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To understand what some investors may have seen in Mr. Neumann, it helps to assess what happened, more recently, as Gallup's opinion makers have asked people the same question. Having a rewarding job no longer ranks near the bottom – it's climbed to the top. In other words, it seems that the world has changed again. Modern workers do not only content themselves with being happy at home. They want the work to be fulfilled as well.
The first companies to address this problem were the startup of Silicon Valley in the late 1990s, which decided to install ping-pong tables in offices. The future of work, it seemed, was about making it "fun."
As this notion faded, employers wondered if people could enjoy their job more and put in longer hours if the office had a hip decor and food on site. , laundry and haircuts. It didn't work either. If anything, the evidence suggests that modern employees are less interested in benefits than feeling a sense of belonging.
Even companies that adopt open floor plans to improve communication and collaboration often end up creating new problems.
has given employees a new trade – in exchange for giving up comfort like job security and benefits, they want more control over how and when they work. However, as these informal contract jobs or "gaming jobs" explode, the regulators crack.
While companies are groping for answers, young workers have never been less likely to thrive in the old Ford system. Research shows that they are better educated, more concerned with finding social purposes at work and less resistant to changing jobs. High debt levels often force them to postpone or miss buying a home, getting married or having children.
Mr. Neumann is not technically a millennial, but he certainly looks and behaves like a serial disorder. However, what makes him different from most young CEOs is that work is the very thing he is trying to disrupt.
In exchange for rent income, Neumann's company promises workers the right to a living society. They want to work in hip, inviting, fun common rooms with organized social events, many connections and all the latest technology – or what the company describes as a "physical social network." The company also announces flexible leases that make it easier to come and go and change lanes.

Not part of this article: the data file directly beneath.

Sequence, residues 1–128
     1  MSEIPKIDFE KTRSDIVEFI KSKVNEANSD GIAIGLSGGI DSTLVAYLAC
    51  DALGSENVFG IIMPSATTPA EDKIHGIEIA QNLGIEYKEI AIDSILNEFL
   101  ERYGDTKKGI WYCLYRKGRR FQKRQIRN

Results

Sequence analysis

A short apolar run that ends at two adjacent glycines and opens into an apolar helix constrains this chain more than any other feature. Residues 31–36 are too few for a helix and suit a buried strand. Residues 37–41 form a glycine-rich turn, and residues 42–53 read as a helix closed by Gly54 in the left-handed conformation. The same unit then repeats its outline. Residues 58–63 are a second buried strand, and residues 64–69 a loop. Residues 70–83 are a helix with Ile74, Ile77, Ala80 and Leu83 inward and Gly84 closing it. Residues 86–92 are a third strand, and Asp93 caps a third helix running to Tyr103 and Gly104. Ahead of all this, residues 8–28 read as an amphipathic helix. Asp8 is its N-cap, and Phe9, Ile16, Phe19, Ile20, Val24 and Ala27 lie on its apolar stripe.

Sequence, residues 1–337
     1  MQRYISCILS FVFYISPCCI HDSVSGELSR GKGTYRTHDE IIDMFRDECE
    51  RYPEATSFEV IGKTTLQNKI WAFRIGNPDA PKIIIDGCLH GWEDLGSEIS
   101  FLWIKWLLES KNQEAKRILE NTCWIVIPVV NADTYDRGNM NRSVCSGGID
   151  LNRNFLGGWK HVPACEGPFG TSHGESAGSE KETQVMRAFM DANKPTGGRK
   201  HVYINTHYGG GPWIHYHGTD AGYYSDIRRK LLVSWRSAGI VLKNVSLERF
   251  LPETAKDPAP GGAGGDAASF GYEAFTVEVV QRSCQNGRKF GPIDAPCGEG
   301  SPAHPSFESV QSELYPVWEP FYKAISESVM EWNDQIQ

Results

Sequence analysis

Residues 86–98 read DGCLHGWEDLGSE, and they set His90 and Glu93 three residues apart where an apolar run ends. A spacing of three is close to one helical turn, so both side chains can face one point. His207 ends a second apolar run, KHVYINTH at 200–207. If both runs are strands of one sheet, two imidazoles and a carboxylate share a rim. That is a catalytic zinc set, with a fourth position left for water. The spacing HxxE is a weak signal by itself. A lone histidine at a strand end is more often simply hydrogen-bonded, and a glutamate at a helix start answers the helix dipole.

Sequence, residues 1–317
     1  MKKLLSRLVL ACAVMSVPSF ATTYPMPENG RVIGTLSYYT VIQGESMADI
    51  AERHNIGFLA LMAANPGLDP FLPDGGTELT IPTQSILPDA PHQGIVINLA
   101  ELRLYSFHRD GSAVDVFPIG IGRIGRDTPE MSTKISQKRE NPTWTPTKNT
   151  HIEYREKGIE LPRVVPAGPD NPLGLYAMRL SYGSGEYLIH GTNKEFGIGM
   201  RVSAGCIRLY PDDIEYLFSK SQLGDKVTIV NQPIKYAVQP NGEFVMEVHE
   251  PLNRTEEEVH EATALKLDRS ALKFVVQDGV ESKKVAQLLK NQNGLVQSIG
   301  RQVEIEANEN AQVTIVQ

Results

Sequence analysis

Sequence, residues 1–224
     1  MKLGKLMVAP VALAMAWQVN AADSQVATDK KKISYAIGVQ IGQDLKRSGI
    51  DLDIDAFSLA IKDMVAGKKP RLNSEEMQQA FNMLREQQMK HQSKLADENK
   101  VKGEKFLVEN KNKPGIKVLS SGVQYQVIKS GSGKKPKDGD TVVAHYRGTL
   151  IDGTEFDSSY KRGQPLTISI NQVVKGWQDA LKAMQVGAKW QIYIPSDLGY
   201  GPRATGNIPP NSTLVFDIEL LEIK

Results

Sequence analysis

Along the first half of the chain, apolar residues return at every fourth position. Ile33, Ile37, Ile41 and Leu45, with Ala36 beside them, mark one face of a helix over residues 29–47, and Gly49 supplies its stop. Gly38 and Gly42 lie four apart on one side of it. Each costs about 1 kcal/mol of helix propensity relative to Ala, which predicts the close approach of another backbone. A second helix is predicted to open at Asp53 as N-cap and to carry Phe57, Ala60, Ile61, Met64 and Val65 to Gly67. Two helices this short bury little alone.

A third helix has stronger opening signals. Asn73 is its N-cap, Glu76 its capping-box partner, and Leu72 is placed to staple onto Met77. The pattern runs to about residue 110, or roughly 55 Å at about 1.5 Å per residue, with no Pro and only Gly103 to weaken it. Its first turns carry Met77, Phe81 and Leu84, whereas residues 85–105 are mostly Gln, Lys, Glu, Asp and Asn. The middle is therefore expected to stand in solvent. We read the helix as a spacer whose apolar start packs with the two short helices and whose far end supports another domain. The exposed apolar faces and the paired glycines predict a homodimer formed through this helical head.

However, part of Neumann's pitch is that we are just getting started. For example, the company has started an effort to develop and lease common living space. And in an employee retreat last year, Mr. Neumann suggested that the company could one day address major social problems, including hunger. "The influence and influence that we are going to have on this earth is going to be so great," he said.
Mr. Neumann may not be the Millennial Prophet, but it is easy to understand why investors may have endured, or even appreciated, his ingenuity and grand ambitions. After all,
was a deeply flawed guy with a messianic streak.
It is also possible that there simply is no profitable way to turn offices into human fulfillment zones. Maybe the problem with work is that no matter how you dress it, it still works. Maybe Henry Ford's deal is the best we get.
One thing is certain, though. It is a fortune to be gained by trying.
– Mr. Walker, a former reporter and editor in The Wall Street Journal, is the author of "The Captain Class: A New Theory of Leadership" (Random House).
Write to Sam Walker at email@example.com